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Please note: RPS House is closed for our exhibition install. We will be open again from 10am on Friday 9th August 2024.

'Thirty Eight Sticks, Nagahana, Honshu, Japan. 2002' By Michael Kenna

Michael Kenna: My visual love letter to Japan

In his latest book the photographer celebrates a nation he has visited for more than 40 years. So why does he want to keep his locations secret?

'Thirty-eight sticks, Nagahana, Honshu, Japan, 2002' by Michael Kenna

Television shows such as the recent Disney+ hit Shōgun and the latest instalment of the BBC’s Race Across the World series are among the current reasons that Japan continues to attract international tourists.

English-born, US-based photographer Michael Kenna has been visiting the country for nearly four decades. Since 2002, he has repeatedly visited Hokkaido – the northern Japanese region where season four of Race Across the World kicked off.

“Hokkaido has changed a lot,” says Kenna. “It’s become far more popular, far more populated. When I first went, I was advised by well-meaning Japanese people not to go, because it was too dangerous, bleak and brutal. No one went to Hokkaido in the winter but now it’s a destination of choice for many people.”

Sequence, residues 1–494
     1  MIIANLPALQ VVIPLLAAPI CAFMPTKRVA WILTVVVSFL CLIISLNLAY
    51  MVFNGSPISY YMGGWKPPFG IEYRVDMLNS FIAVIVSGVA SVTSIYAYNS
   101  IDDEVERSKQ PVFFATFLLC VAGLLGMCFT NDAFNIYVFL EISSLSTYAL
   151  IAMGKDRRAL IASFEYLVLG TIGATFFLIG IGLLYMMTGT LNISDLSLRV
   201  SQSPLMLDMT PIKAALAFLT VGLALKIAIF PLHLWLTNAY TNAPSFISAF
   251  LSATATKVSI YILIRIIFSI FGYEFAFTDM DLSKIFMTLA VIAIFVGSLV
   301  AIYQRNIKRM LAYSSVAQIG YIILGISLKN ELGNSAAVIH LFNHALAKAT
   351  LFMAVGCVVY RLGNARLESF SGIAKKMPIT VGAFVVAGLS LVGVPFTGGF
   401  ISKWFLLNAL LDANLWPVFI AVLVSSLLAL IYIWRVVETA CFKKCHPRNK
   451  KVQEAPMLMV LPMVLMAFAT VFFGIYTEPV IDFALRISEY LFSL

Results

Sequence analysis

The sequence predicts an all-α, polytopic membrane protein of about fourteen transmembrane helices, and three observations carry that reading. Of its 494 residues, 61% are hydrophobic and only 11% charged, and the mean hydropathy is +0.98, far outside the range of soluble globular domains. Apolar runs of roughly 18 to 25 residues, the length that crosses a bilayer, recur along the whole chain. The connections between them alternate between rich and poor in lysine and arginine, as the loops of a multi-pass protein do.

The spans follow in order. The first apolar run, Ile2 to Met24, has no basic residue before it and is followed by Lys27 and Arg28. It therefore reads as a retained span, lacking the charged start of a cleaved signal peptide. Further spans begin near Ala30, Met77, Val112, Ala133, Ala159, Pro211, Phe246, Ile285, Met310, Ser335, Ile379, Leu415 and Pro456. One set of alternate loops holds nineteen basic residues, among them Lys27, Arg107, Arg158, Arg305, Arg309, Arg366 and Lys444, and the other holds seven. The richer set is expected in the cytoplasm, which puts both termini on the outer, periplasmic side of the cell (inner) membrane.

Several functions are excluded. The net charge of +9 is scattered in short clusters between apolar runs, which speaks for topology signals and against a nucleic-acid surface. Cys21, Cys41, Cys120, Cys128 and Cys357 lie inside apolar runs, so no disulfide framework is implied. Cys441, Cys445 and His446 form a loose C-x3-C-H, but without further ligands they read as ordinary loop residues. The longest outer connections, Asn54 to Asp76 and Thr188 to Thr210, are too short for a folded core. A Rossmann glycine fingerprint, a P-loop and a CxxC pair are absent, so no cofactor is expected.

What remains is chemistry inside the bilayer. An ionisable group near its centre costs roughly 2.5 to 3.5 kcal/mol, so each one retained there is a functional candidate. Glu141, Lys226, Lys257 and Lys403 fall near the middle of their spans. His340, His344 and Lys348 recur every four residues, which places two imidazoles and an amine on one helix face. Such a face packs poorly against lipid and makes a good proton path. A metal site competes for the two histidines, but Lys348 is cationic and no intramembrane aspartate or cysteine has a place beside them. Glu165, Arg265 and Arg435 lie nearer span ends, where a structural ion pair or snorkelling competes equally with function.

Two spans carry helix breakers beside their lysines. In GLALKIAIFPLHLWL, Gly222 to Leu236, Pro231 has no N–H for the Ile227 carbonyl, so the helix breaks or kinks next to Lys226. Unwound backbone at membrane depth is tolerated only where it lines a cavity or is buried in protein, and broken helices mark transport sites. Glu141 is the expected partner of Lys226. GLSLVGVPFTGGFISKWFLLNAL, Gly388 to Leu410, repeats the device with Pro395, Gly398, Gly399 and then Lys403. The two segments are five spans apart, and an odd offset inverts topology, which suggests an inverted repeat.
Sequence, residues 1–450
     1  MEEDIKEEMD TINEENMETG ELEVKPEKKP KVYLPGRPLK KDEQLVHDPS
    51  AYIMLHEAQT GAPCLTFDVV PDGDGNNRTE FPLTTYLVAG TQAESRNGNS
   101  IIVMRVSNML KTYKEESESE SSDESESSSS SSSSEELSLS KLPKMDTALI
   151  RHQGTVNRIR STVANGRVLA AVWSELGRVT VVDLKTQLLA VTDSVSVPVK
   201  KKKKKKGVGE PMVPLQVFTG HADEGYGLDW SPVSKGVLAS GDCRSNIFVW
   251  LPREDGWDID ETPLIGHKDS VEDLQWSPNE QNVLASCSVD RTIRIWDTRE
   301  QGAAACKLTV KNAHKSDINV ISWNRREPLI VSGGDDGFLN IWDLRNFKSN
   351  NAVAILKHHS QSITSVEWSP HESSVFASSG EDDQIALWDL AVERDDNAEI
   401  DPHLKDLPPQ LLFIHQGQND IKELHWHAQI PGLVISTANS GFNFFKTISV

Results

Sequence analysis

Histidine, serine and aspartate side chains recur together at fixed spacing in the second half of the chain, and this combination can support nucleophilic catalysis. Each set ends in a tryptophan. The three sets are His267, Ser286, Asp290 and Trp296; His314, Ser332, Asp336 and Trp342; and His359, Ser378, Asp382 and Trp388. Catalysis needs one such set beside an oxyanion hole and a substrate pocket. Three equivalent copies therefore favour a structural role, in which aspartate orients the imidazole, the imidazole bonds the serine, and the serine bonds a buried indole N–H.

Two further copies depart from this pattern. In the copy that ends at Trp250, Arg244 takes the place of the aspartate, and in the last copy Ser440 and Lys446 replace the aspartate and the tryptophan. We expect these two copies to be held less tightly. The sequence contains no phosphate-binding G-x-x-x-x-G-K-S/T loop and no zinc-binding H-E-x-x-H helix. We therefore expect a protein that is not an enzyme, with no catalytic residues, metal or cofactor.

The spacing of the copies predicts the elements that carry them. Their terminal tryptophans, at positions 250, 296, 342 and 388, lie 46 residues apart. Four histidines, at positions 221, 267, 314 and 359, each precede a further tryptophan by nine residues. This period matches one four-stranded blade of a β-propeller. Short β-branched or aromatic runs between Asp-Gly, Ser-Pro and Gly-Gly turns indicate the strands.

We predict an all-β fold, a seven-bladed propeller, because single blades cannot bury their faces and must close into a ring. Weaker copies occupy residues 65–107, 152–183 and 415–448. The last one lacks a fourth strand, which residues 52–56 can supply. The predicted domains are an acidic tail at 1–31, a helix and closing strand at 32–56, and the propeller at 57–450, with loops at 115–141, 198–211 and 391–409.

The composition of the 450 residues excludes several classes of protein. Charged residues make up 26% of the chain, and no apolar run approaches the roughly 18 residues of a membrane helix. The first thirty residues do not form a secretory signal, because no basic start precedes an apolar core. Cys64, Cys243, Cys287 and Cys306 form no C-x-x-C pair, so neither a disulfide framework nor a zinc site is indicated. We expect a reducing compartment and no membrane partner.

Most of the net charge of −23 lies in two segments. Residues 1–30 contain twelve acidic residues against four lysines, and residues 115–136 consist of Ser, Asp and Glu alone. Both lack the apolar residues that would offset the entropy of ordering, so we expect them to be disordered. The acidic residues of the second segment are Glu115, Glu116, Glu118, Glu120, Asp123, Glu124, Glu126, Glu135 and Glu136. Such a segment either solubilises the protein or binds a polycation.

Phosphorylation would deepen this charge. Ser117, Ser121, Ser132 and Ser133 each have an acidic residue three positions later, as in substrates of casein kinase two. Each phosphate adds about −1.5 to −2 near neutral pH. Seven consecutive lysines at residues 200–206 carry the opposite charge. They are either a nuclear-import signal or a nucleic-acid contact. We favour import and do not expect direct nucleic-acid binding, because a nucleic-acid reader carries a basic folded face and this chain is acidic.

'Percy's Perspective, Okhotsk, Hokkaido, Japan, 2023' By Michael Kenna

'Percy's perspective, Okhotsk, Hokkaido, Japan, 2023' by Michael Kenna

Kenna admits his images, which celebrate the stark winter landscapes of trees, fence posts and snow, have contributed to Hokkaido now feeling over-exposed. “My impact has not been particularly good in places,” he explains. “Many of the trees I’ve photographed have been cut down because, naively, I gave the location at the time, and coachloads of well-meaning photographers would trample across farmers’ fields, despite there being signs, usually in Japanese, saying ‘Do not enter the field’.

“Farmers have had no recourse other than to cut these amazing trees down because they became too popular. So now I turn GPS off on my iPhone and I don’t give specific locations because I don’t want these lonely, gorgeous places to become arenas for masses of people.”

'Red Crown Crane Feeding, Tsurui, Hokkaido, Japan, 2005 By Michael Kenna

'Red crown crane feeding, Tsurui, Hokkaido, Japan, 2005' by Michael Kenna

While photography is made for sharing, Kenna believes photographers have a duty of care to the places they capture.

“It’s a basic courtesy,” he says. “When I speak with a person, I’m courteous – I have respect for that person. If you’re photographing anything, you should have the same respect.

You should revere and honour what you’re photographing. If it happens to be in the middle of a private field you don’t just wander into the field.

“I work with a guide in Hokkaido with great integrity and he knows everybody – he will refuse to allow me to photograph without going to ask the local person for permission. They’re always friendly and fine, but it’s basic courtesy that you don’t become a paparazzi. You don’t steal something – you try to pay tribute, to share, to express something that’s beautiful and share it with the rest of the world.” 

Japan: A Love Story by Michael Kenna is published by Setanta Books, £60, with an exhibition at Asia House, London, 24 September-20 October.

See more work by Michael Kenna in the July-September 2024 issue of the RPS Journal.

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